Meal Planning

It can be hard to start living a healthier lifestyle. Planning your meals ahead of time can help you put together balanced meals without stressing about making last-minute decisions on what to eat. Here are some guidelines to follow for meal planning.

  • Make sure your meals are balanced. This means including breakfast, lunch, dinner and two snacks.
  • Include fruits and vegetables. Your meals should have about eight servings of fruits and vegetables per day.
  • Count your calories. Your calorie level will vary based on your age, gender, activity level and weight goals. Find out how many calories you need to eat per day.
  • Pay attention to carbohydrates. About 45% of your daily caloric intake should come from carbohydrates.
  • Limit “bad fats”. People with diabetes have a higher risk of having a heart attack or stroke. Try not to eat a lot of foods with saturated fats.
  • Watch your cholesterol. People with diabetes should have 300 milligrams (mg) of cholesterol or less per day. Look for foods that can help lower your cholesterol.
  • Get more fiber. You can get fiber from plant-based foods like whole grains, fruit, vegetables, nuts, seeds and beans.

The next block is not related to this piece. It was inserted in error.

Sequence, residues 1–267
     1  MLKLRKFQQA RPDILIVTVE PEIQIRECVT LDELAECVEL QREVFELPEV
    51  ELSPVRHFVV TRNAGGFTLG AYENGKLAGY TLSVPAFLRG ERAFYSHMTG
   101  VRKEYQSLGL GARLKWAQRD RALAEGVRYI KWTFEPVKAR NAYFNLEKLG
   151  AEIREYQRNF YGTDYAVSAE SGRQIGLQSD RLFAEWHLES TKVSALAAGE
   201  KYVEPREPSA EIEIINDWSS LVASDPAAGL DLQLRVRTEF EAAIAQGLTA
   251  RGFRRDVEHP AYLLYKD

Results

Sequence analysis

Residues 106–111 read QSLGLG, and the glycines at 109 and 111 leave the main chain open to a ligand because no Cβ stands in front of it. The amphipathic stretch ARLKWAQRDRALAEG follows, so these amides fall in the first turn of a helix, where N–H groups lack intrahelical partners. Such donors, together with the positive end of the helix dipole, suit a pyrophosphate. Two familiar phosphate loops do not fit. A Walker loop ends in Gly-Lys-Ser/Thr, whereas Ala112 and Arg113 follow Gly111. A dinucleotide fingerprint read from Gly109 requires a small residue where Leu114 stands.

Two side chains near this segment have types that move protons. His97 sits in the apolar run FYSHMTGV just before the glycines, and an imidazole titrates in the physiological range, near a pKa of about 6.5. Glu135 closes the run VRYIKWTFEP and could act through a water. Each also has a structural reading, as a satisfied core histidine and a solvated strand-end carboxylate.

• Decrease sodium. Watching sodium is important for blood pressure control. People with diabetes should have 2300 mg of sodium or less per day.

Starting with your plate

A good place to start is by learning how to fill your plate with foods that are healthier. Here’s how to make a healthy and balanced plate.


Looking for some ideas? Check out some healthy recipes. You may also get some healthy inspiration on American Diabetes Association’s website. Each month, they publish a one-day meal plan with suggestions for adjusting carbohydrates and calories. Check out this month’s plan and view older ones for some inspiration.

Start small

Planning meals can seem difficult when you’re starting out. Try setting small goals with the meal planning worksheet in the Diabetes Book.